(b) and (c) According to Section 4 of the Electoral Affairs Commission (Registration of Electors) (Legislative Council Geographical Constituencies) (District Council Constituencies) Regulation (Cap. 541A), when a person applies for registration as an elector, the application must be signed by that person. If a person registers through the GovHK website, he must possess a valid personal digital certificate and sign with that certificate to meet the statutory requirement. Voter registration forms are available at the REO, District Offices and Public Housing Estate Offices or can be downloaded from the dedicated voter registration website. At present, the majority of applicants submit their completed voter registration forms either through mail or facsimile and the process is simple. Online registration is an additional way to facilitate the public who prefer not to submit their applications in the conventional way by filling in an application form.
(d) The REO has been making all kinds of efforts to encourage eligible young people to register as electors. According to the 2011 Final Register of electors, the registration rate of young people aged 18-30 was 60 per cent. Although this figure was lower than the overall rate of 75.6 per cent, it was already a substantial increase compared to the registration rate of the same age group in 2008 (54 per cent). To sustain the increase in the registration rate of young people, REO has set up voter registration counters in the Immigration Department's Registration of Persons Offices to facilitate the public to register as electors when they replace their identity cards. The REO has also set up voter registration counters in higher education institutes during Voter Registration Campaigns to encourage young people to register as electors.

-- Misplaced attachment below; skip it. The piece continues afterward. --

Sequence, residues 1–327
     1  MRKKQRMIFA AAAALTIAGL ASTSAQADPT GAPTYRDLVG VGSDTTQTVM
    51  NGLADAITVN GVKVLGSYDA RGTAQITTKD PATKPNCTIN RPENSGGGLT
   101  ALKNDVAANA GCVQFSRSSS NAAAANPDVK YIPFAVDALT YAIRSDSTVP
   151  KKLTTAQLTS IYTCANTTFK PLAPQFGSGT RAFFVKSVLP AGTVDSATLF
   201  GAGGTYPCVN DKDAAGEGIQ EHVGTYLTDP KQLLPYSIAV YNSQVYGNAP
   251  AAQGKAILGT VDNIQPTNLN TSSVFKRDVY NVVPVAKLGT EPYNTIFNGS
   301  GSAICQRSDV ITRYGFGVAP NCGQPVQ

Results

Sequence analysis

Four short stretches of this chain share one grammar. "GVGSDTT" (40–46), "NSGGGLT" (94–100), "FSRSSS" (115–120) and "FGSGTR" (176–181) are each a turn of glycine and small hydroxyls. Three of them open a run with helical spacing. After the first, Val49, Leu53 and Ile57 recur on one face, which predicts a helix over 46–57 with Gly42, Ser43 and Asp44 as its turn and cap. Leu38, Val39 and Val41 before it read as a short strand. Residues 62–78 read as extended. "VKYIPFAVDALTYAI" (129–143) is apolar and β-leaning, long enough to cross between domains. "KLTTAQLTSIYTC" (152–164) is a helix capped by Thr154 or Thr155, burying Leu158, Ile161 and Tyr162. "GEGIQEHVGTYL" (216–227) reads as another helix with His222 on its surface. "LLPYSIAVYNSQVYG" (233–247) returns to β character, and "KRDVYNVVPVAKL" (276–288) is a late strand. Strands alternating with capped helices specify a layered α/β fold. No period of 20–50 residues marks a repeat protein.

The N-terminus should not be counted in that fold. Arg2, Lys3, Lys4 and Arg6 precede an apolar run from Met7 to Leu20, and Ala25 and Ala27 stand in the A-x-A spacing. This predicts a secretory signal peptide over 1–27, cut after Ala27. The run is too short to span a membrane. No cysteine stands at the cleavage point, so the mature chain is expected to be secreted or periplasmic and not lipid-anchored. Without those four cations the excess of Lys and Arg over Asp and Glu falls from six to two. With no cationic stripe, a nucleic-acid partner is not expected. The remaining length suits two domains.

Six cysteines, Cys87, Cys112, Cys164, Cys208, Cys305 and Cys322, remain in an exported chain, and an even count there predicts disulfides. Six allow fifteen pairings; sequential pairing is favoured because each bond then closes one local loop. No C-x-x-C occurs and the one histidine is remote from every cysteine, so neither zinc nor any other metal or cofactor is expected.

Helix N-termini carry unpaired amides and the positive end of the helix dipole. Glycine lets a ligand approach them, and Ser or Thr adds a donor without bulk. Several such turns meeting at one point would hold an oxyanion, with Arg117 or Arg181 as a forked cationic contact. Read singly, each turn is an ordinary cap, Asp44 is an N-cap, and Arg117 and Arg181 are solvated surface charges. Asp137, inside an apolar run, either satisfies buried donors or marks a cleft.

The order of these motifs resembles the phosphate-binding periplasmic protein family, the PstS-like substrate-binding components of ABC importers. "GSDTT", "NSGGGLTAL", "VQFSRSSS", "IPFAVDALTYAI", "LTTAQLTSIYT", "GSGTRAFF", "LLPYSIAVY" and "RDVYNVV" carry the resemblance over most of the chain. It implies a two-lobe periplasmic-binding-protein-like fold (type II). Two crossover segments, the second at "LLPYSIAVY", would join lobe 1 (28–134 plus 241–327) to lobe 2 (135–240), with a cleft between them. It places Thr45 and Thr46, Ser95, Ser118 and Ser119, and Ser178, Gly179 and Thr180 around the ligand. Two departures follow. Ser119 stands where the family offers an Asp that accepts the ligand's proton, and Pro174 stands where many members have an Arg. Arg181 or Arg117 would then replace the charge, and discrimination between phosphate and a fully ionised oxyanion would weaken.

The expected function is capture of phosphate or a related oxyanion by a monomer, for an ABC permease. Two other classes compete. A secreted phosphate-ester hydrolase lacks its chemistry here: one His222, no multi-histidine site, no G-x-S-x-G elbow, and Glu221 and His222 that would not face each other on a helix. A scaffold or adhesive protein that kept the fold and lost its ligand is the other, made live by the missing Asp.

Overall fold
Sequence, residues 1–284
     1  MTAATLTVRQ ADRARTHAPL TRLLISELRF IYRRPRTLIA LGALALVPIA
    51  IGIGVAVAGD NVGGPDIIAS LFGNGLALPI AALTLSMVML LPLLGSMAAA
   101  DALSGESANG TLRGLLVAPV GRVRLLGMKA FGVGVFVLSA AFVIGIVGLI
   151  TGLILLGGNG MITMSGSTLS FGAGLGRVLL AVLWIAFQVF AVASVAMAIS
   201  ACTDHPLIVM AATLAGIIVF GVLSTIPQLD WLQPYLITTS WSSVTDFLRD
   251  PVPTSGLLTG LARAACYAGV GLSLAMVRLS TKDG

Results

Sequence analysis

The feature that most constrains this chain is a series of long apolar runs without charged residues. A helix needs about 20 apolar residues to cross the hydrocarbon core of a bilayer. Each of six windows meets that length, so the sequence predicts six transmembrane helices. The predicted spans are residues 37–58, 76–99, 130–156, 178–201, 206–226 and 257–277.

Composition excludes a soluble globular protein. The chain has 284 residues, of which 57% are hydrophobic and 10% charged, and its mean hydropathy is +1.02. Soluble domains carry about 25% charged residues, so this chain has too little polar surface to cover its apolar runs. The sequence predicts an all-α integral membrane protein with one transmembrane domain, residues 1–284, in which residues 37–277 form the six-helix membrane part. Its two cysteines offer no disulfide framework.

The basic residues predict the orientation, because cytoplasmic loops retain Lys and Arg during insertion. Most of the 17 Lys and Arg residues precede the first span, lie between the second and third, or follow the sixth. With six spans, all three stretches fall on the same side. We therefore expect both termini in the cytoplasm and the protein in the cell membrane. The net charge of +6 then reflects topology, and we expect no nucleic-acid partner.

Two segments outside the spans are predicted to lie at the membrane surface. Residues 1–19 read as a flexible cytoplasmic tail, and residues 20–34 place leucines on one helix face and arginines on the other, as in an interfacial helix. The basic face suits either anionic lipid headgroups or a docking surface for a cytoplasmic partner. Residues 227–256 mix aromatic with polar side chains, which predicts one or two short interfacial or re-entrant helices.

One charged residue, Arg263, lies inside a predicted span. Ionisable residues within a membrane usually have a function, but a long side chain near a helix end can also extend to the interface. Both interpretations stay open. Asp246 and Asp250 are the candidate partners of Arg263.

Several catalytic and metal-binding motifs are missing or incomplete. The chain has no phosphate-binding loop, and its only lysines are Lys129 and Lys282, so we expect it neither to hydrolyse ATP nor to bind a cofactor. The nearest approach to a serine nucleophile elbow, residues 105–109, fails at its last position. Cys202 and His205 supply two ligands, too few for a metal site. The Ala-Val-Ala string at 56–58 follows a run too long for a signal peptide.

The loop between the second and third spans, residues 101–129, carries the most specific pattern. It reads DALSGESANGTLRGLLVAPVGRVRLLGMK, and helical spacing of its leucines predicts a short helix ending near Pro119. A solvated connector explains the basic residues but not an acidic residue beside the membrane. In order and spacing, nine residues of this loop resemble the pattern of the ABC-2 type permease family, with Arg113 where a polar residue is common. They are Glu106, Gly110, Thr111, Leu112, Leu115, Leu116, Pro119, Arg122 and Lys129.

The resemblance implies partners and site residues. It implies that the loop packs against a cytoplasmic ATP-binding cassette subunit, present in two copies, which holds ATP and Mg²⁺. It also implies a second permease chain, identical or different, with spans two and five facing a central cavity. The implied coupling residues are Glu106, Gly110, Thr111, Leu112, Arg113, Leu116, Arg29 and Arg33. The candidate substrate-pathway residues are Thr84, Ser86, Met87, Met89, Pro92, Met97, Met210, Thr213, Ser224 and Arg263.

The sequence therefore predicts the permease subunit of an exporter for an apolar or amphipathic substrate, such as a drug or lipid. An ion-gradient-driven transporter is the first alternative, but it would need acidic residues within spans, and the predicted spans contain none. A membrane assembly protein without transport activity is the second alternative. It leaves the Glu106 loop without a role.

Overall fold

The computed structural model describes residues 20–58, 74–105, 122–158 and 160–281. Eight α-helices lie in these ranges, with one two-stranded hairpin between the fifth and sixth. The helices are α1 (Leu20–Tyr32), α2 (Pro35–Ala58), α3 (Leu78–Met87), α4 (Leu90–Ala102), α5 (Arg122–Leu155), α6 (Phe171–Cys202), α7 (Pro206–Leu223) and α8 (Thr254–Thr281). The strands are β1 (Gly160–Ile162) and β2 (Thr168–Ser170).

The REO has also made use of specific promotion measures to call on the young people to register as electors. These include broadcasting Announcements in the Public Interests on television and radio specifically produced to target at the young people, posting posters specifically designed for young people in public places, organising large scale promotion activities targetting at young people in large shopping malls and advertising at food and social networking websites and instant messaging tools frequently visited and used by young people. Moreover, hyperlinks of the voter registration website are provided at government websites and websites frequently visited by young people to facilitate them to look up information on voter registration.
(e) In February, the REO issued a letter to all registered electors (about 3.56 million) explaining the registration arrangements regarding the District Council (second) functional constituency and around 138 600 letters were returned (about 3.9 per cent). The breakdown is as follows:
(i) around 64 700 letters were returned as the resident indicated "the addressee of the mail does not reside at the address" on the envelopes;
(ii) around 63 400 letters were returned as the resident indicated "the addressee of the mail has already moved out" on the envelopes;
(iii) around 4 800 letters were returned as the resident indicated "there is no such address" on the envelopes; and
(iv) around 5 700 letters were returned by the Post Office as they were undelivered.
Ends/Wednesday, June 6, 2012